An insufficient bond between copper layers can lead to electrical test failure.
Delamination of printed circuit boards is typically associated with large blisters or bubbles in the board after soldering, but there are different examples of this phenomenon. The examples in FIGUREs 1a and b show via popping after reflow soldering, also known as “copper via rivet.”
In the images, the through via has elongated as the board expanded during heating. As layers in the multilayer board delaminated, further strain was placed on the copper plating until failure occurred. The board did fail electrical test, but the only problem visible on the surface of the board was the cracking of the solder mask, which can clearly be seen.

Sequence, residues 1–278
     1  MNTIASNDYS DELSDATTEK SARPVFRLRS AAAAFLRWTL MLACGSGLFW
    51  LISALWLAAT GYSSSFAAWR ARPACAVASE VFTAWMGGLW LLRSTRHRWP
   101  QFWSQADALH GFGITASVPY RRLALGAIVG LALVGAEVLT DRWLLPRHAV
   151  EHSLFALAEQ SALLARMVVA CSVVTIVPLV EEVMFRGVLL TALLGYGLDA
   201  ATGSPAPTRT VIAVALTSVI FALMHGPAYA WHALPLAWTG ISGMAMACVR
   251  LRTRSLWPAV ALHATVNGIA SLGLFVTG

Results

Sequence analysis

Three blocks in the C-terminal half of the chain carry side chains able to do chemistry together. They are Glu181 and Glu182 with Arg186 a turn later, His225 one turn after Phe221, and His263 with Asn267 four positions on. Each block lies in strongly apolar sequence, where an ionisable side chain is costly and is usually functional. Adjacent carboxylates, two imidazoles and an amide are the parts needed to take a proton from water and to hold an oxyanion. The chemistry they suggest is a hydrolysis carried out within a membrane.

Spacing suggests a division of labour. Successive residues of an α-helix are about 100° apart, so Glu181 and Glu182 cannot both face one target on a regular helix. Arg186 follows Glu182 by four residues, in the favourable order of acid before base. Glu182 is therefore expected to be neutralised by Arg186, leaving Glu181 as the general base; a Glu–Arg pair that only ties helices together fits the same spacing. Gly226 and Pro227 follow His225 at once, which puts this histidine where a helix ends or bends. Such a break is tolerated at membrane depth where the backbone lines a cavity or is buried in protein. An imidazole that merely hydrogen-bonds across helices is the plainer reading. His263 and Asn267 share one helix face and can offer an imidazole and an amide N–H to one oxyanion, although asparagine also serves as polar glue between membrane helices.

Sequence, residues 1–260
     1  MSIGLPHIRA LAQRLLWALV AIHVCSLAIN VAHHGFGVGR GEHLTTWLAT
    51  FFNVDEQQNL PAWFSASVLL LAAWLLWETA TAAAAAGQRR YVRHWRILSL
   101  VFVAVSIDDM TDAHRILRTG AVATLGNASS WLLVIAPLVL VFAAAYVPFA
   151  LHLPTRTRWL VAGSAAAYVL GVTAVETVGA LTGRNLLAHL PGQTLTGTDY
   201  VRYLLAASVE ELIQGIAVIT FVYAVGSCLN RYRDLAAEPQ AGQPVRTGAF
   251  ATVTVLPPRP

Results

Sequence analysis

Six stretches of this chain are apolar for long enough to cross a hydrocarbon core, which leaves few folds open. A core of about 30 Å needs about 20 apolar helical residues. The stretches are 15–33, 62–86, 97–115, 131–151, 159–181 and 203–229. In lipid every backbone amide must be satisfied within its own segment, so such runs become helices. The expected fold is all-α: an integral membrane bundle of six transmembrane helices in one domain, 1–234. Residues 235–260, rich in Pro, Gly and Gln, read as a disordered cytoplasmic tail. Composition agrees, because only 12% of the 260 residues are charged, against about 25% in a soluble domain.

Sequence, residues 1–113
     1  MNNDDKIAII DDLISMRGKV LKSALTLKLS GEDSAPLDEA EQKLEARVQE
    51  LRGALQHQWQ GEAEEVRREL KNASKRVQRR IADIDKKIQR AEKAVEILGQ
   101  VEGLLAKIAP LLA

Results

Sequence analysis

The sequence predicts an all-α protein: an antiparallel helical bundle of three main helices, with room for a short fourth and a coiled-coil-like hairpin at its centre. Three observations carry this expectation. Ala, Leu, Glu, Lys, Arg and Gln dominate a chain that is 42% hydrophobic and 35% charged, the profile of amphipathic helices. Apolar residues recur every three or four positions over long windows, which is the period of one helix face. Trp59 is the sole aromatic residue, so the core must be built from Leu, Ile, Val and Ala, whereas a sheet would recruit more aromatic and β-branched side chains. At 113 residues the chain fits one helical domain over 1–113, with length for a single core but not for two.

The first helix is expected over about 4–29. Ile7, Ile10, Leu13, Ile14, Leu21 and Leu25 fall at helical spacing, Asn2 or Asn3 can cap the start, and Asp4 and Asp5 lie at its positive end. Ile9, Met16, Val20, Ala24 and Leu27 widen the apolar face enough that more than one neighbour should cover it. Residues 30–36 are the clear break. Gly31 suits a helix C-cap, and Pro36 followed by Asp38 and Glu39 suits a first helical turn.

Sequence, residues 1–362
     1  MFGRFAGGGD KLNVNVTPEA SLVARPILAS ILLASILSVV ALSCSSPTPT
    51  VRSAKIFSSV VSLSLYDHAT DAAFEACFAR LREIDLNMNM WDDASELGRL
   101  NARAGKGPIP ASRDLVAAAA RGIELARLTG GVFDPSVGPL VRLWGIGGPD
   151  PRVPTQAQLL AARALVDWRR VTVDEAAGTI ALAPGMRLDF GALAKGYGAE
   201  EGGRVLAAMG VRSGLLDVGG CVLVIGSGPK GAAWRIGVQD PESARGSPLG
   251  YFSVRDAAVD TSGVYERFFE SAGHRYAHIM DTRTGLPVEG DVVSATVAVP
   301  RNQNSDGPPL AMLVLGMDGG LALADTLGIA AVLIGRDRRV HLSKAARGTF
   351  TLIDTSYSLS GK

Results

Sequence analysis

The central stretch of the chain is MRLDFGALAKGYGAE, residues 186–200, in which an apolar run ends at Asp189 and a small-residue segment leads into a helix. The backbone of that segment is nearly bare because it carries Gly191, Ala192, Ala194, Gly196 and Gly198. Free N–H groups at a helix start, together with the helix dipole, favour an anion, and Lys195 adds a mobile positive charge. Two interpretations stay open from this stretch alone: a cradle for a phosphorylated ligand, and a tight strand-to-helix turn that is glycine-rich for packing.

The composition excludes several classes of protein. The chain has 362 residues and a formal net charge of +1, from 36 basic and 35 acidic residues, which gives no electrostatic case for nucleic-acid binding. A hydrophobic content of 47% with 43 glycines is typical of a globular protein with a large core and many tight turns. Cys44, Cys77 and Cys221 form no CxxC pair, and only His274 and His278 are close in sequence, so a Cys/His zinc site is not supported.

Cutting a section of the board around the via holes and separating the layers showed a lack of bonding in the multilayer. Examining the surface of the layers optically showed a lack of adhesion. Repeating the examination with microsections showed the copper separating due to the strain involved, but did prevent inspection of the innerlayer copper surfaces.
It can be argued moisture in the board can contribute to the expansion rate, but when there is a lack of bond between copper layers, the root cause is PCB manufacture.
These are typical defects shown in the National Physical Laboratory’s interactive assembly and soldering defects database. The database (http://defectsdatabase.npl.co.uk), available to all this publication’s readers, allows engineers to search and view countless defects and solutions, or to submit defects online. To complement the defect of the month, NPL features the Defect Video of the Month, presented online by Bob Willis. This describes over 20 different failure modes, many with video examples of the defect occurring in real time.
Martin Wickham is a consultant at the National Physical Laboratory (npl.co.uk); firstname.lastname@example.org. His column appears monthly.